7 Easy To Find Oyster Mushroom Substitutes

Culinary enthusiasts all around the world share their love for exotic Oyster Mushrooms. The obsession with this mushroom isn’t unsurprising as every tongue finds it quite hard to resist their mildly woody umami. 

It was this craving that compelled me to cook Creamy Chicken Marsala Fettuccine one afternoon. But upon foraging, I realized I couldn’t find any oyster mushrooms, and all supermarkets were closed in honor of a national holiday.

But, deflated as I was, I decided to continue with my cooking. I’ve had my share of ingredient mishaps in my years of cooking, and this was no different. So I sat down and brainstormed a list of all potential Oyster Mushrooms substitutes, including the rarest but edible, white truffle mushroom.

If you are reading this, I’m sure you wonder: what is a good substitute for oyster mushrooms? Fret not, because we will get to that, but first, let’s do an overview of Oyster Mushrooms.

What are Oyster Mushrooms?

Mushroomed throughout the tropical range, these are easily found in most markets. They have two types:

  • King Oyster Mushroom
  • Pearl Oyster Mushroom

There is still debate on the best-tasting oyster mushroom. But generally, King Oyster mushroom is fancied over Pearl Oyster mushroom. 

Freshly plucked mushrooms have a slightly sweet and anise scent and flavor. Usually, this quality dissipates after 24-hours of harvesting, so I recommend you buy them fresh. Most people grow oyster mushrooms on oak logs. 

 

How to Cut Oyster Mushrooms?

Oyster mushrooms grow on wood, so they aren’t in contact with dirt. You can gently clean them with a cloth. If you wish to rinse them, do not soak them in water for too long. As that ruins the flavor. Cut away the center firm stem, and the rest of the mushroom will fall away on its own.

How to Prepare Oyster Mushrooms?

To prepare the most flavorful Oyster mushrooms, you can sauté them in a skillet or stir fry with other vegetables.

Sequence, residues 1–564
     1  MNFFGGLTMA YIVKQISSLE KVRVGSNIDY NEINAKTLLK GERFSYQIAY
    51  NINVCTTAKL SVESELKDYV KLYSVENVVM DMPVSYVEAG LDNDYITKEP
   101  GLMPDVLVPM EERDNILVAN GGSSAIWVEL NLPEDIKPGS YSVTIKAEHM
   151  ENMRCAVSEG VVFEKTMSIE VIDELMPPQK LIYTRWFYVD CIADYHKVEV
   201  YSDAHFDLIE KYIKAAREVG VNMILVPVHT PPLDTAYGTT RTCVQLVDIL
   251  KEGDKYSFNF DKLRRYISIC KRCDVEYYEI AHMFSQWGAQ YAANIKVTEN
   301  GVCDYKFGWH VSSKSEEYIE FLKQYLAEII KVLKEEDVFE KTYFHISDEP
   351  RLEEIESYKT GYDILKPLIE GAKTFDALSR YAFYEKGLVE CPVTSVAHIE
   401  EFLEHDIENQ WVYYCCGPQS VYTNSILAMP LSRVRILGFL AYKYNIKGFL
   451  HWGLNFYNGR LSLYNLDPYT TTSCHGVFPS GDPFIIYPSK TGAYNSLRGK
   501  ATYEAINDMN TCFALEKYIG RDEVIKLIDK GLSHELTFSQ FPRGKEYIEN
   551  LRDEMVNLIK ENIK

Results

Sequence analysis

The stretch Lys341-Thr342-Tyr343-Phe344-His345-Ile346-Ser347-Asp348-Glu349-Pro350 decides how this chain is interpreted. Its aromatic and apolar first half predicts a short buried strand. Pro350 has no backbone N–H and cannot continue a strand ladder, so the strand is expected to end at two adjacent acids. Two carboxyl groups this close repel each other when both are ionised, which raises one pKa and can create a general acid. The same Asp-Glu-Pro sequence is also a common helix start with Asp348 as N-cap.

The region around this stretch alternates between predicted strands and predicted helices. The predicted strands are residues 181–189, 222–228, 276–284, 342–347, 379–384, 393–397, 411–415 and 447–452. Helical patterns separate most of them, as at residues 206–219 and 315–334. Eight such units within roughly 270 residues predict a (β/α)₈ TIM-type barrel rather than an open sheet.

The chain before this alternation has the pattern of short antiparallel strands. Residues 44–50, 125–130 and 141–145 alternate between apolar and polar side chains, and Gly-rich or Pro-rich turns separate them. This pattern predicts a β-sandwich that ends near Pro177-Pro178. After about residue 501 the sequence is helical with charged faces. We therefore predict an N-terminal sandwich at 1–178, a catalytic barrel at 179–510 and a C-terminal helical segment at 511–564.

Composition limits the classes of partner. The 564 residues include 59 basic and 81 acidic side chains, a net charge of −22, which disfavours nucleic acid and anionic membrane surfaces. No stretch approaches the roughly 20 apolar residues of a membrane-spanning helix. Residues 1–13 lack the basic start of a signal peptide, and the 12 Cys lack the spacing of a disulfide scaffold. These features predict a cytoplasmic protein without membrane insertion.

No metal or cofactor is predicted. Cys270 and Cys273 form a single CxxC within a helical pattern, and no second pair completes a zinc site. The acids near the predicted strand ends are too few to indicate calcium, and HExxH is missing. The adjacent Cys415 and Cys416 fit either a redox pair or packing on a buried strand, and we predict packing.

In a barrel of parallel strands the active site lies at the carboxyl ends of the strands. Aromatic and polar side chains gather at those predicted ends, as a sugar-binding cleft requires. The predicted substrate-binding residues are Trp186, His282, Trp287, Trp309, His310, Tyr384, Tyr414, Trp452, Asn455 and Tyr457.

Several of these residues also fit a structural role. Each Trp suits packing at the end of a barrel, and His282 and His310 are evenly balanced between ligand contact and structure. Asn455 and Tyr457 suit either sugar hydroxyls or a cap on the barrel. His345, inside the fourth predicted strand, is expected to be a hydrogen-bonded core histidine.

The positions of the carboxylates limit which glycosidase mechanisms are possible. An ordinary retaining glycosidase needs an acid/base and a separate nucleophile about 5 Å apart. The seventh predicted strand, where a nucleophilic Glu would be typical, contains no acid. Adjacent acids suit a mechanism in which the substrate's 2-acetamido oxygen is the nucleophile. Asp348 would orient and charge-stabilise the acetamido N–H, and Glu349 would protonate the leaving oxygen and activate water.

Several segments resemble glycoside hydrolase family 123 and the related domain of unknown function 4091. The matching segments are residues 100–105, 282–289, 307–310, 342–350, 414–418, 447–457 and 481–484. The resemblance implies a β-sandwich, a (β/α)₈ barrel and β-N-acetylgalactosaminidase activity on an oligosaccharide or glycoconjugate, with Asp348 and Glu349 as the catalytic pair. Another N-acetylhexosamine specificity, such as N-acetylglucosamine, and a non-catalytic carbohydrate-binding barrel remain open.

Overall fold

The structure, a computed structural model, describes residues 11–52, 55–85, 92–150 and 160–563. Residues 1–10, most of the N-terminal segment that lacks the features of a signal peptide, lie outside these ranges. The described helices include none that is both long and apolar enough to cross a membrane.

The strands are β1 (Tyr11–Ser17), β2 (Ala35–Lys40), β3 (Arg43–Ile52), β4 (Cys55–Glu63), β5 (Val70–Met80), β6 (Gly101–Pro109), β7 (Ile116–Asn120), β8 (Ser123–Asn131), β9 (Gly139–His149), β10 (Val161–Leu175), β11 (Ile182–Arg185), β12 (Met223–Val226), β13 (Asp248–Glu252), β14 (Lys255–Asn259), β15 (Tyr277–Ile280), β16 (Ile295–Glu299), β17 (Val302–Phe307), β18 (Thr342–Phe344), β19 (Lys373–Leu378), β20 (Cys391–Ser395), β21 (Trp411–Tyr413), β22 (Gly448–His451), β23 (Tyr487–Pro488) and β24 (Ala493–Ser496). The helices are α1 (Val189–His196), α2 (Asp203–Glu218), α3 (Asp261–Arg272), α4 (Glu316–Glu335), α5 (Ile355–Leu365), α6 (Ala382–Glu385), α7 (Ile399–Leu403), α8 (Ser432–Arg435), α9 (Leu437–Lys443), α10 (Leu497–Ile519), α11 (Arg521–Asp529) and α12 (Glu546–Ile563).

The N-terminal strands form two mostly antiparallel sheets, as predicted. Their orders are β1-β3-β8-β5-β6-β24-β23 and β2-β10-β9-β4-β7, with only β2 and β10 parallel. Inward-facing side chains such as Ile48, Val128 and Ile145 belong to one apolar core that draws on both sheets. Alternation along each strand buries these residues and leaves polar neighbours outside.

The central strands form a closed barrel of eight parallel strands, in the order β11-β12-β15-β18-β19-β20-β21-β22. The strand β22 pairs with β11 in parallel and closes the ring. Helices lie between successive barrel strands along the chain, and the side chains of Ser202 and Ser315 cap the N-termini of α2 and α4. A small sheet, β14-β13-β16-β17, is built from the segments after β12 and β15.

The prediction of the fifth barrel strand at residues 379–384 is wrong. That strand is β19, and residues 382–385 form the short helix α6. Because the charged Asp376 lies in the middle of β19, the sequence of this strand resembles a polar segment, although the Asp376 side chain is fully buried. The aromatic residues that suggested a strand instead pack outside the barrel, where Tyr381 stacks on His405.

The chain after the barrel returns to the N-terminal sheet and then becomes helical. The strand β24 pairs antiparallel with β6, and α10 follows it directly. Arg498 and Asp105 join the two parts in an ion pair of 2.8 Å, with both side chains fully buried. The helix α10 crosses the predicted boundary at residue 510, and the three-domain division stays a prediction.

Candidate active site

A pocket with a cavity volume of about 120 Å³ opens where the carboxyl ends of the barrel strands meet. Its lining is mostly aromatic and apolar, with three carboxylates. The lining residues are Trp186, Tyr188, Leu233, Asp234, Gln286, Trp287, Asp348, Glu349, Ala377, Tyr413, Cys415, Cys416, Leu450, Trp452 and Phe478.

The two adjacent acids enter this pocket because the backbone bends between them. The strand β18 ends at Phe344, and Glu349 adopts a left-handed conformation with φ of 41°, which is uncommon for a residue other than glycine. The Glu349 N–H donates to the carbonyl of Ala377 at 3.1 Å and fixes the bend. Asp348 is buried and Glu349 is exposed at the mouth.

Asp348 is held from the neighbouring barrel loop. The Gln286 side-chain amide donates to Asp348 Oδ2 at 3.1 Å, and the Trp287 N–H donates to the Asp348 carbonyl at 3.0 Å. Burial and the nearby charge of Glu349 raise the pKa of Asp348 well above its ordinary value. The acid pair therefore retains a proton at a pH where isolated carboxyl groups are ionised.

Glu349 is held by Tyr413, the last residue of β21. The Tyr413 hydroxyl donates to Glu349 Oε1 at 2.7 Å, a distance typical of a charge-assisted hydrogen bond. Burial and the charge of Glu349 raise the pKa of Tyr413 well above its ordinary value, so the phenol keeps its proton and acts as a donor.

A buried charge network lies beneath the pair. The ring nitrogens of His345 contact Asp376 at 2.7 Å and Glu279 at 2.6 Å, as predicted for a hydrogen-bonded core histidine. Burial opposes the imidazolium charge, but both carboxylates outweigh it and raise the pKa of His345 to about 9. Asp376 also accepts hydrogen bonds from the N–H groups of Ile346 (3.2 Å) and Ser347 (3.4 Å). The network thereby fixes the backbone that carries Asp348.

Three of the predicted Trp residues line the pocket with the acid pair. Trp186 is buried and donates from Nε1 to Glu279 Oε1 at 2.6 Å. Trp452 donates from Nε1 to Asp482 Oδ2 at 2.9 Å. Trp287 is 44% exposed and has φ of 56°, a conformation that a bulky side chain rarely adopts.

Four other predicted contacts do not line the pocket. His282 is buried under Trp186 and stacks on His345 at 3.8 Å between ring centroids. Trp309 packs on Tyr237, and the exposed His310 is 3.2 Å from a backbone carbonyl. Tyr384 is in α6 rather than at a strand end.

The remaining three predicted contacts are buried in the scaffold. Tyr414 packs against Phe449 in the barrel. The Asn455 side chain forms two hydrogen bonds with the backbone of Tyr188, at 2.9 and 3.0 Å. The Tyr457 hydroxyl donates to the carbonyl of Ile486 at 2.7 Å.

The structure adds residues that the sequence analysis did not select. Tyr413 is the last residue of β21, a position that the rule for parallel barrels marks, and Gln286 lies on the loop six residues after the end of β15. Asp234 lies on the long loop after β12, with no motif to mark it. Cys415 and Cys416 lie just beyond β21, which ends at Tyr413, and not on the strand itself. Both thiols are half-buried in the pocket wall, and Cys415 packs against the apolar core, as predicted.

For people trying to go green, King Oyster Mushroom as a meat substitute works best. While on the topic, let’s discuss how to make oyster mushrooms taste like meat. The easiest way to do so is by cooking the mushrooms till it’s al dente and then add some spices and sesame oil. Of course, if you don’t have the mushrooms, you can always use oyster sauce to spice up your dish. 

What can I use instead of Oyster sauce?

But in the unfortunate chance you don’t have that either, here’s a small list of oyster mushroom sauce substitutes that may come in handy in the situation:

  • Fish Sauce
  • Soy Sauce
  • Worcestershire sauce (couple it with soy sauce, and the results are pretty remarkable).

Are you wondering how to make oyster mushroom sauce at home? Well, all you need to have is Oyster mushrooms (psst! reserve the water) and a smattering of spices. Finely chop the mushrooms and simmer with the oyster liquid for 10 minutes. Drain and stain!

Are you wondering about an oyster mushroom powder substitute? If so, then Garlic is the answer. It is a widespread ingredient and one you certainly won’t run out anytime soon. It has the same texture as mushroom powder and a similar, if not the same taste.

What does a bad Oyster Mushroom look like?

Oyster mushrooms go bad very quickly. However, it’s easy to identify an expired Oyster mushroom. If it has darkened in color and formed a slimy, slippery sheen, throw it away. Using such mushrooms can cause illness. 

 

7  Substitutes for Oyster Mushroom